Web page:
For organisations with multiple locations or business units, there are three basic models for Spend Control: the decentralised model, the centralised model, and the centre-led model. In this article PROACTIS discusses the pros and cons:
A classic decentralised model of Spend Control, where each business, functional, or geographic unit is responsible for its own purchases, has a number of advantages. It empowers individual business units with autonomy and control over their process and design decisions and improves their overall satisfaction. It allows for a quick sourcing process and speedy issue resolution and allows the organisation to take advantage of expertise in the local market.
However, this model has a number of significant disadvantages. It does not allow the full corporate spend to be leveraged or business unit objectives to be aligned with the goals of the organisation as a whole. There is usually little co-ordination or information sharing between divisions, best practices are generally not propagated, and supply costs and performance are uneven across the organisation. Furthermore, operating costs are often quite high in the decentralised model due to extensive duplication of effort and resources in the Procurement and Accounts Payable functions.
The centralised model of Spend Control, where all procurement and invoice processing goes through a single, central team, has many advantages. First of all, unlike the decentralised model, it allows corporate spend to be fully leveraged across the organisation and it assists in the institution of standardised sourcing, purchase request, authorisation, ordering, and settlement processes. Inherent economies of scale allow the organisation to wield the full power of its combined spend, enhance operational efficiencies, and improve knowledge sharing and best practice execution.
However, this model, too, has disadvantages. The extensive knowledge of the individual in local supply markets, consumption patterns, customs, and regulatory requirements is lost, which often results in sub-optimal buys and operational problems for many regions. The risk of maverick buying increases when geographically dispersed site managers do not agree with centrally mandated decisions and this impacts local supply, quality, or reaction times. Forcing centralised buys of commodity or service categories not suited for centralised buying can actually increase cost or decrease service quality.
Many financial and procurement executives believe that the third model – often called the centre-led model – provides the best of both worlds, offering all of the advantages of the centralised and decentralised models with minimal disadvantages. In the centre-led model:
- A procurement centre of excellence (COE) focuses on corporate supply chain strategies, strategic commodities, and best practices for sourcing, supplier management, and contract management, while leaving much of the operational execution to the individual locations or business units.
- Corporate financial management focuses on establishing consistent authorisation policies, efficient invoice processing, and standard reporting.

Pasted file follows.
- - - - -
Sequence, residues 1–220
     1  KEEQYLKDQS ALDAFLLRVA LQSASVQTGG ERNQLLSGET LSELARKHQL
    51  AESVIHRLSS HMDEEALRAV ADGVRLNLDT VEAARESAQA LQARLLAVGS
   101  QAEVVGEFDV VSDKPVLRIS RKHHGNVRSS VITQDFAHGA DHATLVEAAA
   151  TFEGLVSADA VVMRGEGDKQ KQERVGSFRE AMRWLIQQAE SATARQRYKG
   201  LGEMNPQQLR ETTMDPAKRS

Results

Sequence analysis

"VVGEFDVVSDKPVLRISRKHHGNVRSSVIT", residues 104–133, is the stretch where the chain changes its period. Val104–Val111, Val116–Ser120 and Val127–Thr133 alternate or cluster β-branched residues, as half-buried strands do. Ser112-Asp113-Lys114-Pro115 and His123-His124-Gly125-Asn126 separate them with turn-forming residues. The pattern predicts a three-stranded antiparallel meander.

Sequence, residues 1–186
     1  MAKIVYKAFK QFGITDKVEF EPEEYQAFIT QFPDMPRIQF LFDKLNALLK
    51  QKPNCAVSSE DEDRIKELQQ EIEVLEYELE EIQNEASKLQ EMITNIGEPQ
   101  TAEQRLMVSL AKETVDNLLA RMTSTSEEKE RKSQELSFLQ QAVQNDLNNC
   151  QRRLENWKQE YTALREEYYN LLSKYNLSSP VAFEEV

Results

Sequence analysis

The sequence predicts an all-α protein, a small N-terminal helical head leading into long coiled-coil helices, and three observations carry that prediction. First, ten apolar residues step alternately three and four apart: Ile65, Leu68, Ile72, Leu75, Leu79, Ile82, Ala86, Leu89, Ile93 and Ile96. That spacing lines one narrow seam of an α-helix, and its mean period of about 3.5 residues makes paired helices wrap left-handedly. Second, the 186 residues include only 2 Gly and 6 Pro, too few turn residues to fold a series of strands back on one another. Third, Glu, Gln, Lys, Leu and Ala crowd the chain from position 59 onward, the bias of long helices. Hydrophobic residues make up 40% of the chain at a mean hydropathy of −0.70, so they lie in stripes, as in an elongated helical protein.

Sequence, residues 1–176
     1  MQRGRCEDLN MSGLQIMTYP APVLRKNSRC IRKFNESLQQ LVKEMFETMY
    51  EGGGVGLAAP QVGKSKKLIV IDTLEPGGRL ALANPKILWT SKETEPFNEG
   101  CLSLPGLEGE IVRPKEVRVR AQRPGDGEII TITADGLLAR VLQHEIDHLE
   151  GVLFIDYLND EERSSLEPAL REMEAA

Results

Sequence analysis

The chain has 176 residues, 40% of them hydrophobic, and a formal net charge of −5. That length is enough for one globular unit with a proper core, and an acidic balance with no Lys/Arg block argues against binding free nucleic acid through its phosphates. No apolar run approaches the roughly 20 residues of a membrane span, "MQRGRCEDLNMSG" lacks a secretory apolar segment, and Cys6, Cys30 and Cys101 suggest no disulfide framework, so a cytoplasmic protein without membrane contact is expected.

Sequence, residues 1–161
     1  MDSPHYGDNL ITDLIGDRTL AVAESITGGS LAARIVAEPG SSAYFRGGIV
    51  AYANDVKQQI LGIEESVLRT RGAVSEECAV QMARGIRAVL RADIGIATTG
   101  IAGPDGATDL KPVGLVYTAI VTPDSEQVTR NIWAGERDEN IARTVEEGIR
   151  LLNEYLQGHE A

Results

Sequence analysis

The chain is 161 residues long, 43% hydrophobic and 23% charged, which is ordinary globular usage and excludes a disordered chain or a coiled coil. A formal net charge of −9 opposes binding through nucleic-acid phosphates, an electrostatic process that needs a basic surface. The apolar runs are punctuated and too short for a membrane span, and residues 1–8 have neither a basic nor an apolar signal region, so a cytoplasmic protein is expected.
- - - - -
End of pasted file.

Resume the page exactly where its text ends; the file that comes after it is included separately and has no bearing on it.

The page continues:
- Finance and Procurement work together to enable employees throughout the organisation to purchase the goods and services they need in an efficient, consistent, and policy-compliant manner using the right mix of locally and centrally sourced suppliers. They also work together to co-ordinate all aspects of supplier engagement across both Procurement and Accounts Payable.
The centre-led model is typically built around cross-functional teams that represent all of the key regions and business units. This allows for the creation of flexible supply chain processes and commodity strategies that can be tailored at the local level when necessary to adhere to local regulations or take advantage of local markets or tax breaks. Corporate spend can be fully leveraged on strategic commodity categories well suited for centralised sourcing while categories not suited to centralised sourcing can be handled by the individual business units.
Operational efficiencies are increased and overall operational costs are decreased in many different ways. For instance, standardised purchase-to-pay processes position the organisation to methodically move suppliers to appropriate forms of electronic invoice submission and facilitate the move of Accounts Payable to a more efficient shared service approach if desired. The organisation maintains the ability to react quickly to unexpected changes in supply or demand, or in cash management requirements. Best practices can be shared easily throughout the organisation, maverick buying significantly reduced, and performance maintained at a consistent level.
Multiple studies have demonstrated that organisations with centre-led Spend Control considerably outperform their non-centre-led counterparts in both spend under management and supply cost reductions achieved. Centre-led organisations have reported more than twice as much spend under management than organisations with a decentralised structure and nearly 20% more spend under management than organisations with a centralised structure. Moreover, centre-led organisations report 5% to 20% cost savings for each new pound of spend brought under management.
To learn more about Spend Control for the multi-location, multi-business unit organisation download the PROACTIS white paper